Starter Kit: John Zorn by Chris Logan (Special Guest of The Synaptic)

“So you wanna know how to clear a party?” a friend of mine asked me several years ago. I was working at a little used CD shop in the mid-cities that had a fair stock of mainstream and weird stuff. There was a fair share of cool kids and weirdo’s. There was a fair share of people who cared and people who didn’t. We all had a common aspiration, in the end.  It was the music. We shared it like bread at a last supper or a warm beer in the cooler.


In his hand was a copy of an album by a band I had seen before but never took the interest explore. It was a black and white cover. A man and his bloodied face down on the sidewalk. He previously had neatly combed hair and a nice coat.  In the nearness of the photo, a gun. I would have bet that it was still loaded.

It was the first album by Naked City.

“This will clear your whole damned neighborhood if you turn it up loud enough. I kinda like it. You ought to try it out.”He went on and on for a few minutes about when he is tired of his company and wants to just get to bed this is the record that comes out. Instant room eraser.

Here is where my early and quiet affair with John Zorn’s work begins and crescendos into the napalm sex with an artist that I consider one of the most important composers in American history.

From Stalling to Morricone, Zorn has embodied the vigor from composers so far spread it is hard to make sense of the quilted mess, at times, until it is either tied up nicely or completely destroyed.

This is my Starter Kit.

Author’s Note: I am not an expert on the entire catalog of Zorn. The guy has racked up over 400 album credits that include performance, composition, production. I do not own everything. That’s gonna take a while.

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You may have already heard of the aforementioned Naked City record so I won’t start there. Let’s begin with what might be my favorite record of Zorn- Xu Feng: John Zorn’s Game Pieces Volume 1.

Xu Feng is in the composition style of what Zorn called game pieces. Basically, what we deal with here is the paired improvisation of artist versus artist. Two guitars. Two drummers. Two playing “electronics.” Zorn pieced it all together and created an album of fluid disaster. It’s a tsunami having sex with an earthquake on the shores of Shangri-la.  In between the thunderous double bass, pings and clangs that dominate the record are the scattered, tweaked out guitars and blips that create a gluey substance that you can sniff and get a total high from without the permanent brain damage. A metallic jazzed up séance of sound that you can find unrequited love in, as long as you play by their rules. Explore the “Hidden Fortress.”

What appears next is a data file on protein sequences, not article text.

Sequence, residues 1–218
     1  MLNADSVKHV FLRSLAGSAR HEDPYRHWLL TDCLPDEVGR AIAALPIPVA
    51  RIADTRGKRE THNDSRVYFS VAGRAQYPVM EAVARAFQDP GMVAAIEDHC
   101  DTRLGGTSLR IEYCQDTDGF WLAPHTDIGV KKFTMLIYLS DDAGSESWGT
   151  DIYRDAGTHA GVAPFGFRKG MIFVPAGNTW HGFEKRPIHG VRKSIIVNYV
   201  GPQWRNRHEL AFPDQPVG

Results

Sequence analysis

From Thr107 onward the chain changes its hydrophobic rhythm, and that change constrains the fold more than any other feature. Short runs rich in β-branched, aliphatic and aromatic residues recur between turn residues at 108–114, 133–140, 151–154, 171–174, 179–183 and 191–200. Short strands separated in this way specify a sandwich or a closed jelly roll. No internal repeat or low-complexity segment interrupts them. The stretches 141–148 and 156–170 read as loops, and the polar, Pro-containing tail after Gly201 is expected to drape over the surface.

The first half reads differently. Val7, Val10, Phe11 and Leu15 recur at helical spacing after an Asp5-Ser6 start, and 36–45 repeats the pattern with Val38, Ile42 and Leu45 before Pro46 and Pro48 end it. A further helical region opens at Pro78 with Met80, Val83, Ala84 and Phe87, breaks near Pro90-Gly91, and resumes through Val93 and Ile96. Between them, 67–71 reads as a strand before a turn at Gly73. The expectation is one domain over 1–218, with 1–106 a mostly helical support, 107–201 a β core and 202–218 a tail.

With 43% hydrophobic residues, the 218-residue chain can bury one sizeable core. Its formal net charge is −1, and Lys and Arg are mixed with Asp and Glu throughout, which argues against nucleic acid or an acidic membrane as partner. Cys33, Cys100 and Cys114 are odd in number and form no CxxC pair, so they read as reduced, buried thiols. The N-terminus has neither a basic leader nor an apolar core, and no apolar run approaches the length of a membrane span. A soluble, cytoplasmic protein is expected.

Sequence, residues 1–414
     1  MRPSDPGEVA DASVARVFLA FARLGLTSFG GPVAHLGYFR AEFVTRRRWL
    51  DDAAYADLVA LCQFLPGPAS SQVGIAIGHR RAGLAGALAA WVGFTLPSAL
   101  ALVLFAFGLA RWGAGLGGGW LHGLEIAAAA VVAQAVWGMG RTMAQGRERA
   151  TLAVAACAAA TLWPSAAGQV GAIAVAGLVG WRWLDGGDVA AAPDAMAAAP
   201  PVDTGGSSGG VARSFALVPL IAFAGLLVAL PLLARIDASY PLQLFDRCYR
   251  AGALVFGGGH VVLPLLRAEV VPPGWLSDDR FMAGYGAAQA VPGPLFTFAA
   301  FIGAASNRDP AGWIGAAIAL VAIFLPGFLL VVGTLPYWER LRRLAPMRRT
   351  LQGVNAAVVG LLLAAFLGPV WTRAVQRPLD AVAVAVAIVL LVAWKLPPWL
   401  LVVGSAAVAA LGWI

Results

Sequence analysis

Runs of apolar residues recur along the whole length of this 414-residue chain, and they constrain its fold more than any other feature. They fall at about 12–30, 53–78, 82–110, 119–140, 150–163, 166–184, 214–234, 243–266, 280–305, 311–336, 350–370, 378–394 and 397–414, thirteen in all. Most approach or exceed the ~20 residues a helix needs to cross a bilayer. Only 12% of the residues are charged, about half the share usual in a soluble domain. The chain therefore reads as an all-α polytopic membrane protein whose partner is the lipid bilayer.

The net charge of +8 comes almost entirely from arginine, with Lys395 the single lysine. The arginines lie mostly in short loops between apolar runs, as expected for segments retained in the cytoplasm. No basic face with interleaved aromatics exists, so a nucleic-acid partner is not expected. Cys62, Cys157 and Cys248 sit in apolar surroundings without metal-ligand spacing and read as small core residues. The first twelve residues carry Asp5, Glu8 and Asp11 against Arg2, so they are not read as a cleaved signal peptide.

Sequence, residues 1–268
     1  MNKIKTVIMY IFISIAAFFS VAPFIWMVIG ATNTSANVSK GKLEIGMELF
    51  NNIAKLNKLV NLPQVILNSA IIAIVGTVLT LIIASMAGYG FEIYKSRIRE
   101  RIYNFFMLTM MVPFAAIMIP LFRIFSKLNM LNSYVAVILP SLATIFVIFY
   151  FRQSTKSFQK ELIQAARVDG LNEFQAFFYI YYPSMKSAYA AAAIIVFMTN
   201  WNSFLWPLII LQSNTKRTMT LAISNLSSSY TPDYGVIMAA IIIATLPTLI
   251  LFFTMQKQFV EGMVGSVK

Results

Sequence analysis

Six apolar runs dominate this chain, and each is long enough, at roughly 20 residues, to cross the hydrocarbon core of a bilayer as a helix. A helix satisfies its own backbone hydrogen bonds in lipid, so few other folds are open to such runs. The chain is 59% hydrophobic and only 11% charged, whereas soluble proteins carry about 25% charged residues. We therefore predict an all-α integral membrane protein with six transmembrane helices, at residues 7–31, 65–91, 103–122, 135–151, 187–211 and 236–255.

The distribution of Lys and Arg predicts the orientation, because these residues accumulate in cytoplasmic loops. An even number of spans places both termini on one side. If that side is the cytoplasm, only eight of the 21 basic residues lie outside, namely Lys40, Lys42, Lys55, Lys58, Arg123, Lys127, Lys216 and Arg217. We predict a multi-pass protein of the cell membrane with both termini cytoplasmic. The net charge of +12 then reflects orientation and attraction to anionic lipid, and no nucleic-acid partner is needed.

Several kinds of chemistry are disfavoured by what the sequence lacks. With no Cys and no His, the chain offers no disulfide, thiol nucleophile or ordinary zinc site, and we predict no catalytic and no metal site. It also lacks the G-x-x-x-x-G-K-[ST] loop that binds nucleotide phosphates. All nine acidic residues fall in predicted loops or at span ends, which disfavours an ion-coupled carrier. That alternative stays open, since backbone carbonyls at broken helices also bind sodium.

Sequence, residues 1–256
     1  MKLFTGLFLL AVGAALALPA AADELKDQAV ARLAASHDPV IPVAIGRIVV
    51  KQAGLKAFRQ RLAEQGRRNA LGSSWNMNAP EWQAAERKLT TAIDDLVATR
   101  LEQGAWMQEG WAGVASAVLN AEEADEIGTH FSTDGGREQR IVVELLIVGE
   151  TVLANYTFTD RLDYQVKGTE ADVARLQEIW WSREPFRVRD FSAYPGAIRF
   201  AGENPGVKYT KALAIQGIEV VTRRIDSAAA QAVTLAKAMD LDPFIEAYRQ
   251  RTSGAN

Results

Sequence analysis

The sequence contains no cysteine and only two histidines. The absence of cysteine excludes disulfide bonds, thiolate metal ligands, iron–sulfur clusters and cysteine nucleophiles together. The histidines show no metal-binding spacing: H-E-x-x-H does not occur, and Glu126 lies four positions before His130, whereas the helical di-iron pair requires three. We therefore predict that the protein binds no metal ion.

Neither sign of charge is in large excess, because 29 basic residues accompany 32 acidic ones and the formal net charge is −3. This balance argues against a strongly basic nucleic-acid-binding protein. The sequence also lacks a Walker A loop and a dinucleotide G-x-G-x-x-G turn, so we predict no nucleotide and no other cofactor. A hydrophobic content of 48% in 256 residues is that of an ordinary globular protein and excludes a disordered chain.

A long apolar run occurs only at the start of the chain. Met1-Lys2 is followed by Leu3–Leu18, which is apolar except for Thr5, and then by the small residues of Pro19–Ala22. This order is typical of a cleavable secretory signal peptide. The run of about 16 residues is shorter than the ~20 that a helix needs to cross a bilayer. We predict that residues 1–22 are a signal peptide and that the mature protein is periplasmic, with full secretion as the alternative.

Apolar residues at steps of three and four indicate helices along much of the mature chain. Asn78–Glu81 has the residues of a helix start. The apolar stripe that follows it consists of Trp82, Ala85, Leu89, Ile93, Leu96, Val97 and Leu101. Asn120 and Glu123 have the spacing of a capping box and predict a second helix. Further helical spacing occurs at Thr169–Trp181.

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Vignette was a word I really wanted to avoid.  I wanted to stay away from using that word but to really understand Godard/ Spillane, it’s too damned hard.  This album brings together his “file card” system of composition, which I find the most challenging and gratifying listen. Zorn would simply write down ideas, words and music on to index cards while watching movies or reading or listening to music. All of it would be put through a sieve and sifted through again until placed in order of what would become Godard/ Spillane. The musicians would then play, in order, their parts and create the dark smoky streets of Spillane or the Nouvelle world of Godard. Each one perfectly crafted with the cards all in facing the right direction.  A grand moment in American composition that sends you away, scorned and scared, but then begs for you to come right back for one more embrace.

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This last suggestion is really difficult. I’ve spent more time going over what else may really define another corridor of Zorn’s catalog. His maze of style and craft is so varied. So lastly, I’ll put the ring on FilmworksXIII: Invitation to a Suicide. Zorn has created and composed, as of this moment , close to 24 different scores for films ranging from independents, cartoons and porn.  On FW13, he’s sticks to a very straight ahead sound and leaves little room for experiment here. Or did he? A few of the tracks are exactly the same just re-arranged with another instrument taking the lead role. “Lonely are the Dumb” is just like “Bugsy’s Jazztet” except for the weirded out fused guitar and so forth. FW13 really is no better than the others but I tend to gravitate to this more often than ever.

There it is. Prettied up. Bow tied and all that. Zorn is really so much more than anything I have attempted to translate. I will stand by my assertion that he is the last great American composer of the 20th century. If this even for a moment makes you think, “Well, that sounds interesting,” I say lunge forward with abandon. He certainly has something buried within the city streets of NYC for you find utter enjoyment in and I hope that you do.

Even if you’re just tryin’ to get everyone out of your damned house.

Special thanks to our special guest author Chris Logan. Chris is a long time veteran of the D/FW music scene, and has had his battles on the floors of many retail music shops in and around Fort Worth. Please visit his FB page Birth School Metal Death.

~ by thesynaptic on September 3, 2010.

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